The Frege functions, that can be called from Java need to use IO or ST monads. In case of UI (JFX) actions, it's necessary to use a conversion function like withUI to wrap the UI call. Here is an example from a project (not the template).

setLabeledText :: Labeled -> String -> IO ()
setLabeledText labeled text = (withUI $ labeled.setText text) `inIO` (\_ -> return ())
public class UIController {
    private Button myButton;

    public void () {
        PreludeBase.TST.performUnsafe( Hello.setLabeledText(myButton, "new text").call() ).call();

It's similar to the IO scenario, with the addition of providing the button and the text to the function. Here withUI and inIO are used to execute the UI action (setting the text of the button) in the JFX context and then returning back to the IO context, which is required as the return type, because the function is called in the Java code.

To round up this section, here is the FXML UI definition from the template:

<?xml version="1.0" encoding="UTF-8"?>

<?import javafx.scene.control.*?>
<?import javafx.scene.layout.*?>
<?import java.lang.String?>

<VBox styleClass="container" xmlns=""
    <String fx:value="hello.css"/>

  <Label fx:id="label1" text="Hello" />
  <HBox styleClass="container">
    <Button fx:id="button1" text="Do IO" onAction="#doIO"/>
    <Button fx:id="button2" text="Do UI" onAction="#doUI"/>

How about file and network IO?

This is not part of the template, but since it is mentioned in the introduction, let's have a peek.

File output

It is suggested to use a BufferedWriter for efficient writing to the storage. A FileWriter is required for writing files and both are wrapped in a PrintWriter for convenience.

Frege already contains definitions for different readers and writers, which can be looked up in the API and the Frege sources. Unfortunately, the PrintWriter can't take a BufferedWriter as parameter at the time of writing this article. It can take a Writer and BufferedWriter extends Writer in Java, but Frege has a strict type system, which doesn't know about this. In Frege BufferedWriter and Writer are completely different things. The PrintWriter is already part of Frege, so it only needs to be extended. The FileWriter as well as the BufferedWriter are not yet part of the Frege definitions. So, I decided to write my own definitions for accessing the Java classes:

private data BufferedWriter = mutable native where
    native new :: FileWriter -> IO BufferedWriter

private data FileWriter = mutable native where
    native new :: String -> Bool -> IO FileWriter throws IOException

-- extending the PrintWriter
native newPW new   :: BufferedWriter -> IO PrintWriter
native close close :: PrintWriter -> IO ()
native flush flush :: PrintWriter -> IO ()

Those definitions contain the minimal set, that was needed for my project, but it can be extended as necessary.

Now the functions for writing to a file can be created:

open :: String -> IO PrintWriter
open path = newPw =<< =<< path

write :: String -> PrintWriter -> IO ()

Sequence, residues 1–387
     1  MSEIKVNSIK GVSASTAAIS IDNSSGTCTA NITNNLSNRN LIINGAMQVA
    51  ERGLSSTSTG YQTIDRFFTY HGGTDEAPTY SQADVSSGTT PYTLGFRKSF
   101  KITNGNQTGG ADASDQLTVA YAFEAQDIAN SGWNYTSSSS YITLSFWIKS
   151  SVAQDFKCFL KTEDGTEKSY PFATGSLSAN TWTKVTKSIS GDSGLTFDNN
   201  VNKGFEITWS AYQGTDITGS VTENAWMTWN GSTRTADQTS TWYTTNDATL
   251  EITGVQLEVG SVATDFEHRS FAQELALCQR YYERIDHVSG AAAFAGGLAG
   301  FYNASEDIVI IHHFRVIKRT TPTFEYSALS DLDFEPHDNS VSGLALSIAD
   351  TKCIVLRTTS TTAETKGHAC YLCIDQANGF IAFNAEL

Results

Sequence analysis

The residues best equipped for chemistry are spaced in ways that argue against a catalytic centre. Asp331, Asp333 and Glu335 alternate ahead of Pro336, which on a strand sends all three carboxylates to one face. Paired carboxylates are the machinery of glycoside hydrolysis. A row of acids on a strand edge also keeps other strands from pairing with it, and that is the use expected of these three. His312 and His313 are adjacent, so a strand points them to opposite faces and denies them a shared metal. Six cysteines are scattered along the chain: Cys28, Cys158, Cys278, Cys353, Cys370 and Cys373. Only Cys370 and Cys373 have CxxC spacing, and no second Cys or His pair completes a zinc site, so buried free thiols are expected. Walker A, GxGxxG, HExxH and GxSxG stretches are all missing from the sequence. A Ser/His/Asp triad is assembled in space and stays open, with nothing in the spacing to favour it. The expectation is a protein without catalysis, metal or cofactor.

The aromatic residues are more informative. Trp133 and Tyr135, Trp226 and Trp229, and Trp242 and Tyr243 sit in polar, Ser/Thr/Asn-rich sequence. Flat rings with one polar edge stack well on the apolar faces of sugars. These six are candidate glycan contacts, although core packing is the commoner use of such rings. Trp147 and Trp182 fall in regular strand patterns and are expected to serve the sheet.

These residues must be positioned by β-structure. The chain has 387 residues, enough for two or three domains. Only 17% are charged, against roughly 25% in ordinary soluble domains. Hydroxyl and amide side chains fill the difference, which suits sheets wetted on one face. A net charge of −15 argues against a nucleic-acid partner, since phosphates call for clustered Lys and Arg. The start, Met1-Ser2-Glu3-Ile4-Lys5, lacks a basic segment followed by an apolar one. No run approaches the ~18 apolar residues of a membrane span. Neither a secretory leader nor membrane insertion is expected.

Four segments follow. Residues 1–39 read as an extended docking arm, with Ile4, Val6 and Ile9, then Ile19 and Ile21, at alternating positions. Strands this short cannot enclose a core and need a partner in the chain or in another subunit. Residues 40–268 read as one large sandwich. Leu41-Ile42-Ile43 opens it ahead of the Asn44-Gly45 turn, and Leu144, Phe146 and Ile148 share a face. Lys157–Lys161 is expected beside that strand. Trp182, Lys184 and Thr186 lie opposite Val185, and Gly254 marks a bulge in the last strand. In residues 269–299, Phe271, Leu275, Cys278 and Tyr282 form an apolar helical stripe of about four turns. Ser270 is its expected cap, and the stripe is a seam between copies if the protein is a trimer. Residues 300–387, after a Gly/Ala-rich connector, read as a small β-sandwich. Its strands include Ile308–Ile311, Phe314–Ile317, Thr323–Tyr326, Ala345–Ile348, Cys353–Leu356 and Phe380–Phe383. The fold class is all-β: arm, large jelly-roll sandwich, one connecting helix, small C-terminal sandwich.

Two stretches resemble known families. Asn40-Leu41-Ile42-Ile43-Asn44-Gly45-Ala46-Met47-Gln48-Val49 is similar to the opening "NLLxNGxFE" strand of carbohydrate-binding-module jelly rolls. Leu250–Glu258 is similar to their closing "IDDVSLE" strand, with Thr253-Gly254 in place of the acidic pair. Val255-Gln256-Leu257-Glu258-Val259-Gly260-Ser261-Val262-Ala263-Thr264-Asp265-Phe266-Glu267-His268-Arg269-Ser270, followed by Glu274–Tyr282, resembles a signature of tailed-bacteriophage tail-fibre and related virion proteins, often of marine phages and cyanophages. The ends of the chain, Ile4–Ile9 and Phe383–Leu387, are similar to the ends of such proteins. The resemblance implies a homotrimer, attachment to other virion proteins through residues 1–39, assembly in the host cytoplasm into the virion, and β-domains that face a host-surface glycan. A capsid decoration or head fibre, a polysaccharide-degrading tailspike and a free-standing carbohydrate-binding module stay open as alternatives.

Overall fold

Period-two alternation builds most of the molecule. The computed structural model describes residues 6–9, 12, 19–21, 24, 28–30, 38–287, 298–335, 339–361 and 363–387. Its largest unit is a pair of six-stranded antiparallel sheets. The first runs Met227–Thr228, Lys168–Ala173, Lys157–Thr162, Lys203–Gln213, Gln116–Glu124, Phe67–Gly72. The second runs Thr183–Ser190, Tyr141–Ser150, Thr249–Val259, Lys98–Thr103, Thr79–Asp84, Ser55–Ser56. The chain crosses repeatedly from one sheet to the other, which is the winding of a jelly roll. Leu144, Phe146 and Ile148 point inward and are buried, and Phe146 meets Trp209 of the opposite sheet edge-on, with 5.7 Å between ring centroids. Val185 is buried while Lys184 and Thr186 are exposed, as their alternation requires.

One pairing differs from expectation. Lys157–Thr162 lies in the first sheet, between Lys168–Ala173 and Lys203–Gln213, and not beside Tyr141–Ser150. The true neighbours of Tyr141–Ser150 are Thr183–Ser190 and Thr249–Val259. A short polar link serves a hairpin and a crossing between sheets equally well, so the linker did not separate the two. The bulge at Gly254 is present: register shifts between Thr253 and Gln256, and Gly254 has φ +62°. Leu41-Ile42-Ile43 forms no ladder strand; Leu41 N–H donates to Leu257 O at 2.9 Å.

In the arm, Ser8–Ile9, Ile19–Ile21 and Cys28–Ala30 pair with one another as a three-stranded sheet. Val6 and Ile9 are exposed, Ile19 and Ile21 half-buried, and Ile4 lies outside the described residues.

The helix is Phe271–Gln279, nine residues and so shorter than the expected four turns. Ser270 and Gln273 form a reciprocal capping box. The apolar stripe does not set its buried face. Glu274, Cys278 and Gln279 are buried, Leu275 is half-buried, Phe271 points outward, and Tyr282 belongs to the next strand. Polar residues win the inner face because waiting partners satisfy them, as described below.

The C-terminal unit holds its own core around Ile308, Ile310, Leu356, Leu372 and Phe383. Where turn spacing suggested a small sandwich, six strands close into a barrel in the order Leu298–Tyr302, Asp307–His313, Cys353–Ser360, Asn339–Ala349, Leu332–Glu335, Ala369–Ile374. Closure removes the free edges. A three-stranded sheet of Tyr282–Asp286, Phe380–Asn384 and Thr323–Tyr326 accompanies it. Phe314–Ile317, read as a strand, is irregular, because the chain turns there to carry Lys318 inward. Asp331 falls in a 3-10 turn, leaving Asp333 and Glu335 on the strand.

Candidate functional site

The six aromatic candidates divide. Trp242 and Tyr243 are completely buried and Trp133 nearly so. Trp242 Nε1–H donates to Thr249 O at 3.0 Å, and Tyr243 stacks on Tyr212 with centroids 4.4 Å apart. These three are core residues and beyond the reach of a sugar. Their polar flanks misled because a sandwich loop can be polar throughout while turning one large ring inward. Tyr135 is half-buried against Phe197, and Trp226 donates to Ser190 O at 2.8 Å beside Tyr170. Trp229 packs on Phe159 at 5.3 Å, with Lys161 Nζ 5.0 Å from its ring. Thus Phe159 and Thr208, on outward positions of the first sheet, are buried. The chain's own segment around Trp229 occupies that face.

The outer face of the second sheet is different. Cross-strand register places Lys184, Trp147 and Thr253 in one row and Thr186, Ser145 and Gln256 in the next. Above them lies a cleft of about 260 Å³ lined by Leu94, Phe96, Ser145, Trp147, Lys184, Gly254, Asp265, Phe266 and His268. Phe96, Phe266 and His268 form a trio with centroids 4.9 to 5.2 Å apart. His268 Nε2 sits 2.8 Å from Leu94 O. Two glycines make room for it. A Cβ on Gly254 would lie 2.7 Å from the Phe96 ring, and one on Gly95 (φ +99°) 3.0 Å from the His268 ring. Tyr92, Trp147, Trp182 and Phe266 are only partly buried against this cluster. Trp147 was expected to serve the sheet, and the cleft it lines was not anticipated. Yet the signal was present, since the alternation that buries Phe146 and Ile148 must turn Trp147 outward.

write text writer = writer.print text

close :: PrintWriter -> IO ()
close writer = writer.close

=<< (or >>= respectively) is explained well in Frege Goodness, chapter "List and Path".

HTTP requests

The goal of the HTTP request is, to download a website, which is defined by it's URL, and return the content in form of a String.

The corresponding Java function may look like this (source taken from stackoverflow):

public static String getHTML(String urlToRead) throws Exception {
    StringBuilder result = new StringBuilder();
    URL url = new URL(urlToRead);
    HttpURLConnection conn = (HttpURLConnection) url.openConnection();
    BufferedReader rd = new BufferedReader( new InputStreamReader( conn.getInputStream()));
    String line;
    while ((line = rd.readLine()) != null) {
    return result.toString();

This code contains a cast to HttpURLConnection. Again, extends / implements doesn't exist in Freges strict type system, neither do casts. Similarly to the BufferedWriter, the BufferedReader requires a Reader as argument and not an InputStreamReader. Fortunately, it's possible to define explicit casts from one class to another. For the HTTP request handling, I choose to define the casts to profit from the existing URL type and the BufferedReader features from Frege:


private data ClassCastException = native java.lang.ClassCastException

private data ProtocolException = native
derive Exceptional ProtocolException

private class URLCastTarget a where
    private downcastUrl :: URLConnection -> IO (ClassCastException | a)

instance URLCastTarget (MutableIO HttpURLConnection) where
    native downcastUrl "(" :: URLConnection -> IO (ClassCastException | MutableIO HttpURLConnection)

private class ReaderCastTarget a where
    private downcastReader :: a -> IO (ClassCastException | Reader)

instance ReaderCastTarget InputStreamReader where
    native downcastReader "(" :: InputStreamReader -> IO (ClassCastException | Reader)

private data HttpURLConnection = native where
    native setRequestMethod :: Mutable RealWorld HttpURLConnection -> String -> IO () throws ProtocolException
    native getInputStream :: Mutable RealWorld HttpURLConnection -> IO InputStream throws IOException

private castConnection :: URLConnection -> IO (MutableIO HttpURLConnection)
private castConnection urlcon = downcastUrl urlcon >>= either
    (\cce -> error $ "cannot cast connection. Reason: " ++ show cce.getMessage)

private castReader :: ReaderCastTarget a => a -> IO Reader